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Tuesday, April 07, 2009

Legislation, All I Ever Wanted

Congress is on spring recess this week and next, and it provides an opportunity for animal advocates to spring into action. You may not be able to travel to Washington to meet with your representatives and senators in person, but you can meet with them in their district and state offices close to home. In fact, lawmakers often have more time to visit with constituents in their district offices, because their Washington schedules are so hectic.

PATRIOTIC-PUP

Take the time to schedule a meeting with them over the next two weeks, and talk to them about federal animal protection policies that are important to you. With bills pending on horse slaughter, puppy mills, fur labeling, chimps in research, and more, the timing couldn’t be better. You can also invite them to learn more about animal protection work by taking them on a tour of your animal shelter, pet adoption center, spay/neuter clinic, wildlife sanctuary, or other local program.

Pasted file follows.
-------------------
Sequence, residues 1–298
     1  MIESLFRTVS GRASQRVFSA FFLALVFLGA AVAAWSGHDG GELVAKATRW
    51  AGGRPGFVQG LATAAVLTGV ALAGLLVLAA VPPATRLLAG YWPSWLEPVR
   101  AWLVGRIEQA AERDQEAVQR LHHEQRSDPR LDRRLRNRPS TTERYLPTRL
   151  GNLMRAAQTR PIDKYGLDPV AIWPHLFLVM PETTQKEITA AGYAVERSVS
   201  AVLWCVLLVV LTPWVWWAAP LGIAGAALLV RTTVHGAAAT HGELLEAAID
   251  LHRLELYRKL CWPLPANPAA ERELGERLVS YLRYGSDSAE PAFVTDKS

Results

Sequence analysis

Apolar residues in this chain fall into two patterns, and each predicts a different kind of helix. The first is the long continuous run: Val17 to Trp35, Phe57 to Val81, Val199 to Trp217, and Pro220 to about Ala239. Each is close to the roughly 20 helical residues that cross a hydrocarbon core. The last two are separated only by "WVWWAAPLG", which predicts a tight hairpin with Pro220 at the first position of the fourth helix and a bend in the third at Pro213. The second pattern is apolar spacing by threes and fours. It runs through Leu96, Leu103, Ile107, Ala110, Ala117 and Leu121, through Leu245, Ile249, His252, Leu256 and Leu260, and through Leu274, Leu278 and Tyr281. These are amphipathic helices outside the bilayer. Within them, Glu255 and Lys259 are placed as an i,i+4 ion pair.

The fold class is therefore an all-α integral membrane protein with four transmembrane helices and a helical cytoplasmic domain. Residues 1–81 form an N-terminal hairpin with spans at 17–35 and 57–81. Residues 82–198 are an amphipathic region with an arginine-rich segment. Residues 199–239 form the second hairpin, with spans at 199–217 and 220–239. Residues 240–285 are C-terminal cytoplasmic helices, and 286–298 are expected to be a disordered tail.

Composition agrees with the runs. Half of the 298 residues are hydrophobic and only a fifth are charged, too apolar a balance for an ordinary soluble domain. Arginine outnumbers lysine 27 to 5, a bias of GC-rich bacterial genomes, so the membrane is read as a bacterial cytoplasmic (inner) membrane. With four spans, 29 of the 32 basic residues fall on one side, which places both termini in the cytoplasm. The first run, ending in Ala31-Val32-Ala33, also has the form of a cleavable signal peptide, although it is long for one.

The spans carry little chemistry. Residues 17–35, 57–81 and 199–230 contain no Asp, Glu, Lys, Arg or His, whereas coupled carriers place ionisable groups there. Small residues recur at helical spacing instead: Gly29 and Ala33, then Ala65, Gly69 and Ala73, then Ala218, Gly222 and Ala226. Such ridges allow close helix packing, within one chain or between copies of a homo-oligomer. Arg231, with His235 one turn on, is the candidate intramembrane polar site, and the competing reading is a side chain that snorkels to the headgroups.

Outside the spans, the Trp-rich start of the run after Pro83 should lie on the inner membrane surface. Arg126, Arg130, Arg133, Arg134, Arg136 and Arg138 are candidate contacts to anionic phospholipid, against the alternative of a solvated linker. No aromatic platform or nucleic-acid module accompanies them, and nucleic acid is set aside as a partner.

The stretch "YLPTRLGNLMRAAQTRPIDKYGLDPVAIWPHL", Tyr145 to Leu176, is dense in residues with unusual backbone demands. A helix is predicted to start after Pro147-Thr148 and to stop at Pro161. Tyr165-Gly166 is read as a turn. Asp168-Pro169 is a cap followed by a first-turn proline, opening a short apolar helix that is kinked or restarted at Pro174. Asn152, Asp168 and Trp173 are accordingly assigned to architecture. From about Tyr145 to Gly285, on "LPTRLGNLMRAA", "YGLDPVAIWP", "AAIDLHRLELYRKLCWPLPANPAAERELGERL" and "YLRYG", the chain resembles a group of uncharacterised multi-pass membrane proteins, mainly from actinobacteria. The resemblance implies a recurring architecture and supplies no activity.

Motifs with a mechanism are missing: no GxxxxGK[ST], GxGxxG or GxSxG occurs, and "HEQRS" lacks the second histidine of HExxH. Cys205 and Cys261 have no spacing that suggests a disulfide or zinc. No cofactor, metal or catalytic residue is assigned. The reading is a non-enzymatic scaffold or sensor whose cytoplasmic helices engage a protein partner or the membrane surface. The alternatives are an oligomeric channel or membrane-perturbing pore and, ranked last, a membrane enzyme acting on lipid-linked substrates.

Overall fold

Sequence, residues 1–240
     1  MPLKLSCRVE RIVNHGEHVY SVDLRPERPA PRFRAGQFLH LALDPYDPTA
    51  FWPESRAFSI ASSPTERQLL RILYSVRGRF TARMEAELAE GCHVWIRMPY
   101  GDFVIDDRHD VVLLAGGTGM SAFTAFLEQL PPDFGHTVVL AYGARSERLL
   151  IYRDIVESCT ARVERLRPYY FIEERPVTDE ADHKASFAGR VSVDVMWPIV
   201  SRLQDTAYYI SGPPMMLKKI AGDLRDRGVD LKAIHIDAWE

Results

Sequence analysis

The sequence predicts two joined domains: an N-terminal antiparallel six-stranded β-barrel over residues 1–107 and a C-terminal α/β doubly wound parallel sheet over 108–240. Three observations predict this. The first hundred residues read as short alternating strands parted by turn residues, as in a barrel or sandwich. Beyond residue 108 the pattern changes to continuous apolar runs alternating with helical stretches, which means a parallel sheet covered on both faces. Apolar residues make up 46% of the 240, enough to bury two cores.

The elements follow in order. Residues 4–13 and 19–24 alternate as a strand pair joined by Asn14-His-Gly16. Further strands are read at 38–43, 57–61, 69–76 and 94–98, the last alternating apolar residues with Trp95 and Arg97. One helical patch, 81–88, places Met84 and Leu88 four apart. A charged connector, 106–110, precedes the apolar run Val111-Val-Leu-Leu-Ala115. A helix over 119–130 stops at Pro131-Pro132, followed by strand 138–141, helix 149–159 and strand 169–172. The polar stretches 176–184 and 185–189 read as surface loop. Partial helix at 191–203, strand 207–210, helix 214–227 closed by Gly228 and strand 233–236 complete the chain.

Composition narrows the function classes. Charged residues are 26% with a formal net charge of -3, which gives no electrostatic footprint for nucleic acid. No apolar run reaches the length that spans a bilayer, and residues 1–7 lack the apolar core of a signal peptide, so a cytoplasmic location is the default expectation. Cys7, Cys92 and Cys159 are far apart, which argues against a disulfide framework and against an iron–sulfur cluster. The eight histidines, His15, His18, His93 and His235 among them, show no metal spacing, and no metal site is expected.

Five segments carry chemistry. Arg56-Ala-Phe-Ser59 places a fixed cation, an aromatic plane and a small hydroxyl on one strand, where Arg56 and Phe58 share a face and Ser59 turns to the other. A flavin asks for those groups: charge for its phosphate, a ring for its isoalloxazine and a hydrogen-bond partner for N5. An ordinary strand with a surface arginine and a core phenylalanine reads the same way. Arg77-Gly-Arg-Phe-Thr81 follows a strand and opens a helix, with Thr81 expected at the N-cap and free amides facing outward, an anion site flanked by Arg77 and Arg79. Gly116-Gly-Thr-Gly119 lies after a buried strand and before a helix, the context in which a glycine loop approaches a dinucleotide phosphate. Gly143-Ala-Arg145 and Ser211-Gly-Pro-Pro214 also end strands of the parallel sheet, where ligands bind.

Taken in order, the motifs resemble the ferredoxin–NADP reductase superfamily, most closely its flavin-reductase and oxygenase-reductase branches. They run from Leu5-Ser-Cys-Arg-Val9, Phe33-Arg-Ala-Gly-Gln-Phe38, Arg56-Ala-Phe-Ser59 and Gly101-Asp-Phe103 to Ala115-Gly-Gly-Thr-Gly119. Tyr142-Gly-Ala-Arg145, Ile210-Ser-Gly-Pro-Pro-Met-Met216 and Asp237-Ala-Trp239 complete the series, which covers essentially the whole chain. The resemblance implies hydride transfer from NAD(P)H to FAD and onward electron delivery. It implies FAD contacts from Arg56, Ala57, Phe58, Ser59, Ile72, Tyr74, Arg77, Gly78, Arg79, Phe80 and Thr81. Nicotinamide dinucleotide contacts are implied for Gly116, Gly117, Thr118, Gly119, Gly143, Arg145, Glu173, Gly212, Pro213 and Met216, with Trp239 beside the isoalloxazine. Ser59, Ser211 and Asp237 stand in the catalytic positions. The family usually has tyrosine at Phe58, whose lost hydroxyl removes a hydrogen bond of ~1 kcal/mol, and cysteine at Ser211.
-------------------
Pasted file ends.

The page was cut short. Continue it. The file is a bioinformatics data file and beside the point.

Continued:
Here are some tips from my friend Stephanie Vance, adapted from her book "Government by the People: How to Communicate with Congress”:

Don’t ignore the District / State Congressional Office. We all know that in order to be successful, advocates must build positive long-term relationships with their Representatives and Senators. One terrific means of doing so is to engage the district or state office in your issues.

Generally, district or state staff may have slightly more time to delve more into the nuances of your issues and understand better how those issues affect the Congressperson’s constituents. In fact, an effective advocate can turn the district staff into a “lobbyist” for them within the Congressional organization. It’s also important to know that every Representative has a “home-style” and a “DC-style”.

Frankly, many Representatives are much more relaxed and receptive in their home districts. So be sure to meet with the Member and/or their staff in the district office. Or, invite the district staff to an event or a tour of your facility – any activity that will get them involved in your issues and policy concerns. Finally, associations, business groups, or other organizations might want to consider having a “District/State Lobby Day” in addition to the traditional Washington, DC lobby day. This would be a day designated for association members to meet with their federal representatives in their home offices.

So if your spring break is a “staycation,” stay in touch with your federal lawmakers close to home, and keep them informed of critical bills to protect animals from cruelty and abuse.

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